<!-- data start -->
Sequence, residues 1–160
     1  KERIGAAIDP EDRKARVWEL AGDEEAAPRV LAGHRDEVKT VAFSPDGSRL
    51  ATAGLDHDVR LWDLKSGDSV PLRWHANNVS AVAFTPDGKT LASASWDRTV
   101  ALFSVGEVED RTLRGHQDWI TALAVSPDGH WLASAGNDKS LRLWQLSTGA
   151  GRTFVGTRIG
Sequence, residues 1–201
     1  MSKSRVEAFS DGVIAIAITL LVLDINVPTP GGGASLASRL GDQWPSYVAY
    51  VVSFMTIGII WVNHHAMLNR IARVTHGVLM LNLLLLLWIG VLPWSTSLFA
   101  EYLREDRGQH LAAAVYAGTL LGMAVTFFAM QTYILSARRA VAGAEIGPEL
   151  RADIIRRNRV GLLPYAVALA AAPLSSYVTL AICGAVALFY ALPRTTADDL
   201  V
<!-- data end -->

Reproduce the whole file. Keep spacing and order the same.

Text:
Sequence, residues 1–160
     1  KERIGAAIDP EDRKARVWEL AGDEEAAPRV LAGHRDEVKT VAFSPDGSRL
    51  ATAGLDHDVR LWDLKSGDSV PLRWHANNVS AVAFTPDGKT LASASWDRTV
   101  ALFSVGEVED RTLRGHQDWI TALAVSPDGH WLASAGNDKS LRLWQLSTGA
   151  GRTFVGTRIG
Sequence, residues 1–201
     1  MSKSRVEAFS DGVIAIAITL LVLDINVPTP GGGASLASRL GDQWPSYVAY
    51  VVSFMTIGII WVNHHAMLNR IARVTHGVLM LNLLLLLWIG VLPWSTSLFA
   101  EYLREDRGQH LAAAVYAGTL LGMAVTFFAM QTYILSARRA VAGAEIGPEL
   151  RADIIRRNRV GLLPYAVALA AAPLSSYVTL AICGAVALFY ALPRTTADDL
   201  V